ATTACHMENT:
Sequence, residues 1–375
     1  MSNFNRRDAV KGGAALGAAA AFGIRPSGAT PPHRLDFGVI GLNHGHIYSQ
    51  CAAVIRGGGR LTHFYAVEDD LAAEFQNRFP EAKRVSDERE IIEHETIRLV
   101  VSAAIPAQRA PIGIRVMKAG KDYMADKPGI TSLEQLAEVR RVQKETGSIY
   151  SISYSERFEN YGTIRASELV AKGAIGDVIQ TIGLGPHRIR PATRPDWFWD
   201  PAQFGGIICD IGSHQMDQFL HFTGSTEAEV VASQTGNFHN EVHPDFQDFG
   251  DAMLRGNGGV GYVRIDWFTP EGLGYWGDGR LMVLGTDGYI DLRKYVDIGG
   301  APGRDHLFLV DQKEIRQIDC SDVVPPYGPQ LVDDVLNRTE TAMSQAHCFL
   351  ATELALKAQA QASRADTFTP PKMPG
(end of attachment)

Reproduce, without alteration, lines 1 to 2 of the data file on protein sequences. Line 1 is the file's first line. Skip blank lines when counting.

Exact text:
Sequence, residues 1–375
     1  MSNFNRRDAV KGGAALGAAA AFGIRPSGAT PPHRLDFGVI GLNHGHIYSQ